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What’s the Difference Between Assisted Living and Independent Living?

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Difference Between Assisted Living and Independent Living

When it comes to choosing a senior living community, the choices are endless. From location to amenities to accommodations, today’s senior communities are customized and personalized to meet the needs of every resident. One of the first decisions made in the search for a senior community is to determine which community lifestyle best meets your needs.

Learn about the major differences between independent living and assisted living and how to determine which type of community is best for you or your loved one.

Differences Between Independent Living and Assisted Living

Independent living and assisted living communities may initially look very similar. Typically, they both offer a robust activities schedule, meal services, a 24-hour staff, housekeeping and laundry services, transportation, and much more of the same community amenities.

The real differences between the two lie in the level of medical care being provided by the staff. In independent living, residents do not rely on the staff for medical care. They manage their own medications and do not require assistance with activities of daily living, like dressing or bathing. Assisted living is primarily designed to meet the needs of seniors who are no longer able to live safely on their own. Independent living meets the needs of seniors who can live safely on their own, but desire a community environment

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Aging in Place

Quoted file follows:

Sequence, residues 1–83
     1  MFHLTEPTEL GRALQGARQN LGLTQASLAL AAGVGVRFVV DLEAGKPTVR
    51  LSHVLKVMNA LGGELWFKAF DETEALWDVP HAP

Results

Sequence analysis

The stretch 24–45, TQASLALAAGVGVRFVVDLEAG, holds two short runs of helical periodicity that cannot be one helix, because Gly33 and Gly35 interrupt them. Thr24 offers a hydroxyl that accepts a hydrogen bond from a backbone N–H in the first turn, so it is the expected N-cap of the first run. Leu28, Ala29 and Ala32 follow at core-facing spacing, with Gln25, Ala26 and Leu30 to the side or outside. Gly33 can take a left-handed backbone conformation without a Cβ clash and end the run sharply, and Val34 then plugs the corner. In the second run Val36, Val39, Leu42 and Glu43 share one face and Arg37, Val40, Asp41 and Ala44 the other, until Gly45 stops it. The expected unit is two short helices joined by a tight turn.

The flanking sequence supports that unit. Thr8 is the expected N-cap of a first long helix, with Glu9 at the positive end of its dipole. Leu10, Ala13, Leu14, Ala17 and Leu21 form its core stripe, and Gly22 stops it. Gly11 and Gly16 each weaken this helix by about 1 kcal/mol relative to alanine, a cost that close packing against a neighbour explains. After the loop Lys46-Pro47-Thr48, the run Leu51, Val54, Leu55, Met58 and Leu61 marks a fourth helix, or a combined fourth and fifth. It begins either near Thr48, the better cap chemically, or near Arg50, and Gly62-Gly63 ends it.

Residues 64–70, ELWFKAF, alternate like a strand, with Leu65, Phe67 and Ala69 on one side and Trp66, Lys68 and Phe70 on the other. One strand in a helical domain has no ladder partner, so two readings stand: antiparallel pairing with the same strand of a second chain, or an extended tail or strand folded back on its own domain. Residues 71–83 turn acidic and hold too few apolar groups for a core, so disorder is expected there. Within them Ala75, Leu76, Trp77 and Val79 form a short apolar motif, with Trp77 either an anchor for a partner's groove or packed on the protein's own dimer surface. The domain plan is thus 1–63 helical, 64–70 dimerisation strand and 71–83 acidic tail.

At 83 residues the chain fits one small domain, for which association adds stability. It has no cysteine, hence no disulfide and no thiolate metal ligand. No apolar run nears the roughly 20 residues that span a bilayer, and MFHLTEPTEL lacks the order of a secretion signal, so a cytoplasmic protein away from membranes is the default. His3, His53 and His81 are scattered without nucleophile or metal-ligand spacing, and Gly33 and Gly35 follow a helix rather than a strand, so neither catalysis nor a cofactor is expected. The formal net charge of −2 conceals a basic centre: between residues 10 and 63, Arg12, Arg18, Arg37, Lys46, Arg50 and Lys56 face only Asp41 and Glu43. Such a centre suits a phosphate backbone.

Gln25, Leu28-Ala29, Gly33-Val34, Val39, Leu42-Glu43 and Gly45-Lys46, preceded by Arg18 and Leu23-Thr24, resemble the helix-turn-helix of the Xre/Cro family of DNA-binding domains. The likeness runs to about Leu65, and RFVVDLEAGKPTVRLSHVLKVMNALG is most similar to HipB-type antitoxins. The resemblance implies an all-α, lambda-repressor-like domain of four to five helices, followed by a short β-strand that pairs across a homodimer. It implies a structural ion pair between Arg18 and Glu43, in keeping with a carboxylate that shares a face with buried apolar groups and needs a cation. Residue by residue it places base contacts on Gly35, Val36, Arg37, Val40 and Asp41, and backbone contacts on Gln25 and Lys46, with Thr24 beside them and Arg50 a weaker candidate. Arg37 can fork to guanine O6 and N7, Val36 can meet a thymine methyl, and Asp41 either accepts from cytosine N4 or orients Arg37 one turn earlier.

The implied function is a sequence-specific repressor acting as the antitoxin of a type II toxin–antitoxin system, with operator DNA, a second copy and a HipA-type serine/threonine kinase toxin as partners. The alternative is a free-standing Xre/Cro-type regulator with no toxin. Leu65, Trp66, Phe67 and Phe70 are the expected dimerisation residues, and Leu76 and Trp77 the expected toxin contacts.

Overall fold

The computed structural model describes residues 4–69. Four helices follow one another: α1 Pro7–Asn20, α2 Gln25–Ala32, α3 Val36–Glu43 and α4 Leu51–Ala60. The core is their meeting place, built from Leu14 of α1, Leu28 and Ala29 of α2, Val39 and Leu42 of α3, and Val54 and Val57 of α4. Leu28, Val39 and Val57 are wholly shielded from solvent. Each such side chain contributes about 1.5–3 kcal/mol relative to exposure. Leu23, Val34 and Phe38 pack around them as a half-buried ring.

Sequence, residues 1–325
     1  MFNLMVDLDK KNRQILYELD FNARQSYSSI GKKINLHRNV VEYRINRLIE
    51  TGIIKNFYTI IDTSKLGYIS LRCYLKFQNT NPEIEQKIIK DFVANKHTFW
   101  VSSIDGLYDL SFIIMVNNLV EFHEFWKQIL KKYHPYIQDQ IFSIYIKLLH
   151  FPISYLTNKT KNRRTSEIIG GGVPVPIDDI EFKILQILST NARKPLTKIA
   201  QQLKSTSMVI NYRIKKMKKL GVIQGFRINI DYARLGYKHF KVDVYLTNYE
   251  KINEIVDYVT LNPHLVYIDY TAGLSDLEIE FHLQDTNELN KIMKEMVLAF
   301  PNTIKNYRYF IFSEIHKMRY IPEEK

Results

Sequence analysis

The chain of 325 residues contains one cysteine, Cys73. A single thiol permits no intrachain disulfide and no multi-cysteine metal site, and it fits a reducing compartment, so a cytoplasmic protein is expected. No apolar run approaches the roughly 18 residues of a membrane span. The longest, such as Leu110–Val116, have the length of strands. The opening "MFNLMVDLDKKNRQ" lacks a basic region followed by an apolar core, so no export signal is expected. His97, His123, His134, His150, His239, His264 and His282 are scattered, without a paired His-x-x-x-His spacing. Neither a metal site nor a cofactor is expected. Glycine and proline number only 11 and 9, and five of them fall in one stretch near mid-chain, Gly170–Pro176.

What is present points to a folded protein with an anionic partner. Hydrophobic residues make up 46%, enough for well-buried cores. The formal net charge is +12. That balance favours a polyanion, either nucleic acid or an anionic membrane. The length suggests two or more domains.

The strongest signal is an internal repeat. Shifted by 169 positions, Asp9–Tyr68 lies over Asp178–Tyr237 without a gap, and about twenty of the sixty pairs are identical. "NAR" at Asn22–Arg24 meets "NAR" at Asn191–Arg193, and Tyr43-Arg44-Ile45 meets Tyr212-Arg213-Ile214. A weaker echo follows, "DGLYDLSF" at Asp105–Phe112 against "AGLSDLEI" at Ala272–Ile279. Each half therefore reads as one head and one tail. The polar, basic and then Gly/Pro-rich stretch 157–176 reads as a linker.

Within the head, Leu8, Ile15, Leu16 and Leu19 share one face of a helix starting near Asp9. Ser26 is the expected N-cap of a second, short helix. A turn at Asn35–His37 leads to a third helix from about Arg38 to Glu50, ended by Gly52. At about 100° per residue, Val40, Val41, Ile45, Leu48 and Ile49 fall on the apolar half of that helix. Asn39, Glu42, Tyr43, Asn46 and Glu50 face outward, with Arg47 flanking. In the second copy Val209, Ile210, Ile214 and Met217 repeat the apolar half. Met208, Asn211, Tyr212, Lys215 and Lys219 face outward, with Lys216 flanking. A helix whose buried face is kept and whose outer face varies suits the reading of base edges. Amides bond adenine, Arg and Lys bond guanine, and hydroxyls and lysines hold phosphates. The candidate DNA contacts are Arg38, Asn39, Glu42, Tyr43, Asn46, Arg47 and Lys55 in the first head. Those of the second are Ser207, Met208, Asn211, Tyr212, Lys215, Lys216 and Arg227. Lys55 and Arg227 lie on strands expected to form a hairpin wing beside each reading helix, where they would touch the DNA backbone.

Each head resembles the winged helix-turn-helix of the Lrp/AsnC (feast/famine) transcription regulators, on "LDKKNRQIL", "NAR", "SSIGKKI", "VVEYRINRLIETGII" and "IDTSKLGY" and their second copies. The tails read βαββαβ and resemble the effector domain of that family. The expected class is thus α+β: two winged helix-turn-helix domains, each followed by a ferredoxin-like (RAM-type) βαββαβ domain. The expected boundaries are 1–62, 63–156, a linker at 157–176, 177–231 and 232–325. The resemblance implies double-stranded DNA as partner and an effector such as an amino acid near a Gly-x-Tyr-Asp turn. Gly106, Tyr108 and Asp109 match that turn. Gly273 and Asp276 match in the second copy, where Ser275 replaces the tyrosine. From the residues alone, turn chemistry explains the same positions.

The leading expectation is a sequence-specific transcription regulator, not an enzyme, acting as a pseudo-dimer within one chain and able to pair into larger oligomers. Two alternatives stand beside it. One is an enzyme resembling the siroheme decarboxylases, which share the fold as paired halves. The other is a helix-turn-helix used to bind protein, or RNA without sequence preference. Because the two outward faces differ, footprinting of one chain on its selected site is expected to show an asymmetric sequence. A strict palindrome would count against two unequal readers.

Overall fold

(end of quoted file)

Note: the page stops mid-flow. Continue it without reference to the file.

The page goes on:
To make the decision easier, some independent living communities offer assisted living services and memory care services in the same community. Sometimes these services are offered in the exact same location, other times they are offered within the community but in a separate wing or neighborhood. This continuum of care services means that residents can age in place, without the hassle and headache of finding a new home if needs should change over time.

Some independent living communities offer in-home care services so that if they don’t offer a certain medical service, the resident is able to bring in an in-home caregiver for their needs. This offers residents flexibility and can allow them to stay in independent living for longer with a professional caregiver helping them manage their activities of daily living.

When searching for a senior community be sure to ask if the community has a continuum of care, their policy on bringing in caregivers, and how residents can change into the assisted living program from independent living, if they should need additional services.

Determining Your Level of Care

When determining which community is best for you and your family right now, ask yourself or your loved one these questions.

  1. Have you recently fallen or been injured in your home?
  2. Do you feel unsafe in your home?
  3. Have you recently lost or gained a significant amount of weight?
  4. Would you appreciate help in managing your medications?
  5. Is your personal hygiene lacking and would you like help in caring for yourself from a professional caregiver?
  6. Have you recently forgotten to eat or do you frequently skip meals?
  7. Do you feel safe driving your car?
  8. Do you worry about injuring yourself or causing damage to your home while preparing meals in the kitchen?

Answering “yes” to these questions may mean that assisted living is the best choice for you or a loved one. A confident “no” may mean that independent living is a good choice, especially if the community allows residents to age in place. We invite you to visit our independent living and assisted living communities, to see what each one looks like and feels like, and to see which one is right for your family.

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About the author

Alissa has been working in marketing and the senior living industry for over 8 years. With a B.S. in advertising from the University of Illinois, Alissa has worked all over the world as a freelance communications strategist and writer. Published in Forbes, Senior Finance Advisor, Alzheimers.net and on other leading senior care blogs, she leverages her working knowledge of the senior care industry with leading research and best practices to create engaging content benefitting seniors and their caregivers. In her free time, Alissa loves to travel, read, cook, and spend time with her family.